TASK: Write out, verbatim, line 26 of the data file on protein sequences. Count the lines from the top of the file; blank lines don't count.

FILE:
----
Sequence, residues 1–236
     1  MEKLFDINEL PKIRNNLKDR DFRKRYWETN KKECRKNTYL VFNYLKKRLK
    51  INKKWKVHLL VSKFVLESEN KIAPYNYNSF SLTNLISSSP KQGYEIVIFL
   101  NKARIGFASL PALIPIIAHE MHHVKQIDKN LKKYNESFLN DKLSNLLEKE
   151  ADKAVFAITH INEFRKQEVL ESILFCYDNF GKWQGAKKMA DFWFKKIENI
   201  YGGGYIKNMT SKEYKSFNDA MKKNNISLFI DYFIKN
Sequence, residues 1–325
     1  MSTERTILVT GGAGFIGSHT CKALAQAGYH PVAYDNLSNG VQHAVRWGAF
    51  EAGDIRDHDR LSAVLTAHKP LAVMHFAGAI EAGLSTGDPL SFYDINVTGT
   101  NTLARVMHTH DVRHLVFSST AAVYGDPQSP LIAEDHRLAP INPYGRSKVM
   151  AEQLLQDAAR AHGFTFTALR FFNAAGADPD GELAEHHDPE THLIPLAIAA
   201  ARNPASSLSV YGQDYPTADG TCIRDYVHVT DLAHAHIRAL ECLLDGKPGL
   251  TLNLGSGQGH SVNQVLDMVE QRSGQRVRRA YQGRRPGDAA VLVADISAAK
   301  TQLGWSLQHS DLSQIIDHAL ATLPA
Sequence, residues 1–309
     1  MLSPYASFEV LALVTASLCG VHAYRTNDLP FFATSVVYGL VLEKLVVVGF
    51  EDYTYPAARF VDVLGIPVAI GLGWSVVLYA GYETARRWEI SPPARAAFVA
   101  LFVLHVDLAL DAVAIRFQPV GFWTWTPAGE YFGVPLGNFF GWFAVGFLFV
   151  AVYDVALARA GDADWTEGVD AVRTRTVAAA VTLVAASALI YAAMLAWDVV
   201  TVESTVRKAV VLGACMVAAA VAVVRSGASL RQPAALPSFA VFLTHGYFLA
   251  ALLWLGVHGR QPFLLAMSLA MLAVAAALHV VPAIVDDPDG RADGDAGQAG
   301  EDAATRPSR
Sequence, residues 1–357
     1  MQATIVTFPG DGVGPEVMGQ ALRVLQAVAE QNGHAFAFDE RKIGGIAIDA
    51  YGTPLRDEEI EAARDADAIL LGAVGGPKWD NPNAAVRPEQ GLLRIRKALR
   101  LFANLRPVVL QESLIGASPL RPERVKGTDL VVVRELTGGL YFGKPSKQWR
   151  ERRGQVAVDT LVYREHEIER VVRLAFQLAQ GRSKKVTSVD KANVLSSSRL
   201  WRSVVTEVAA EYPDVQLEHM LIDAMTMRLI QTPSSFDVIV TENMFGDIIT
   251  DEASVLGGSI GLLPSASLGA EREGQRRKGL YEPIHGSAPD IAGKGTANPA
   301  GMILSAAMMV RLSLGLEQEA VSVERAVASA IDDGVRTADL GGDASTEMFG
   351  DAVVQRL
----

   101  LFANLRPVVL QESLIGASPL RPERVKGTDL VVVRELTGGL YFGKPSKQWR